The third method to get rid of spider mites on indoor plants a little more naturally is diatomaceous earth. Diatomaceous earth is a naturally occurring silicon-based rock that’s pulverized into a fine white powder.
It works as a miticide in two ways:
- It acts as an abrasive material that pierces and physically damages the mites.
- As a powerful desiccant.
As such diatomaceous earth only works when dry so most definitely do not use it in conjunction with the first two methods.
When you’re applying this stuff make sure to wear a mask or respirator. Simply dust the leaves of the affected plants as well as the topsoil. It will work as a systemic so you might only need two applications.
Again this stuff won’t kill the eggs. However, a two-pronged attack first with the insecticidal soap for one to two weeks, followed by two applications of diatomaceous earth can be massively effective and permanent.
The fourth method for eradicating spider mites naturally is predators, two in particular.
- The ever popular ladybug. Ladybugs or ladybirds as they’re sometimes called are a beneficial insect in the beetle family. Common in most gardens in europe and north america. A single ladybug can consume up to 100 spider mites in a single day. So if the female spider mites are only laying two to six eggs a day, a few ladybugs can really control that population.
- Another spider mite. These are known as predatory mites specifically the species persimilis. These guys are easily one of the most effective biological control methods known. They need 70 to 85 degrees fahrenheit to operate most efficiently but at those temperatures these guys get the job done fast.
It feels weird to release even more bugs into an area especially indoors when you’re dealing with an infestation I get that and dollar-wise predatory insects can have a high initial cost compared with the other methods.
The predatory insect root works best when the initial spider mite population is already somewhat under control. So give the first three methods a try before resorting to biological warfare.
2 Ways to prevent and repel new infestations from occurring in the future
Now that we have all the tools to rid our plants of spider mites, let’s work on preventing any future outbreaks. To accomplish this we actually need to change the environment.
1. Give a good dose of moving air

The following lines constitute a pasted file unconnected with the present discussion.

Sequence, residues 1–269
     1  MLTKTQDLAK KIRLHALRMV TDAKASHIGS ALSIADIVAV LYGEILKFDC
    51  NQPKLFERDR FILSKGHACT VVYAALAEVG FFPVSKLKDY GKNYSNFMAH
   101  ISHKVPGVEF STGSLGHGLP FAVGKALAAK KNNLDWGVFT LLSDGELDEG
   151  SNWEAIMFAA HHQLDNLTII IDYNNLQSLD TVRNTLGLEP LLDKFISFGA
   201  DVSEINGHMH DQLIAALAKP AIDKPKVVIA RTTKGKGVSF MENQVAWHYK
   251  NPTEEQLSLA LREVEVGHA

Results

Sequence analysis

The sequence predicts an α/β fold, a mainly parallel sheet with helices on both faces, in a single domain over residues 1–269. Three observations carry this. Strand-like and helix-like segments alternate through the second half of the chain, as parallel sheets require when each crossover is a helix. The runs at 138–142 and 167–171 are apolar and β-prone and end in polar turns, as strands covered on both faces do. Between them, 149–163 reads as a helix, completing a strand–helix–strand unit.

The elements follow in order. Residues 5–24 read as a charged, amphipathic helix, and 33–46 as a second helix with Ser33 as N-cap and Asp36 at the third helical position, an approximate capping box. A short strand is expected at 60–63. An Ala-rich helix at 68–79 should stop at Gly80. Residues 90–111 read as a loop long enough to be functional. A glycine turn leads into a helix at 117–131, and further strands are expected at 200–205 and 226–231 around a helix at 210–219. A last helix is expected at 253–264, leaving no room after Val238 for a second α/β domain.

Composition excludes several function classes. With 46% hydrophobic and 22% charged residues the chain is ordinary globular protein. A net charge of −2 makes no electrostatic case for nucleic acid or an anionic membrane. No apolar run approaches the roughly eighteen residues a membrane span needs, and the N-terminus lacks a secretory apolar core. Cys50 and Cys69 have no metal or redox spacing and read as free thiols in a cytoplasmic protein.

Spider mites love it warm and dry and calm. Now we can’t exactly lower the temperatures without negatively affecting our crops but we most certainly can change the other parameters.
It has become proven that spider mites don’t like the increased air circulation of a simple fan blowing over the leaves of your plants. So make sure that at least once a day to really give those plants a good dose of moving air.
Indoor plants can really benefit from it anyways. So it’s already a smart indoor practice to be doing.
2. Mist with plain water
The other thing you can do to create an inhospitable environment for spider mites is to mist with plain water. They really don’t like standing moisture on the leaves. so a couple of times a week especially if you have good airflow give those leaves a good misting with just regular tap water.
When you think about it nature already does this with rain outdoors so it’s not a new concept.
Do these two things of increased airflow and regular mistings and your chances of a spider mite outbreak are greatly reduced.
I know these infestations can be super frustrating and seemingly make indoor gardening appear difficult and troublesome. But at the hobbyist level of a few hundred square feet, it’s not that difficult to get these guys under control.
You really don’t have to resort to harmful systemic chemicals on either your indoor food crops or your grow operations. The natural methods used in this article if followed diligently will work effectively and safely.
If you have any other natural safe methods that you’ve used to control spider mites in the past throw them in the comments down below.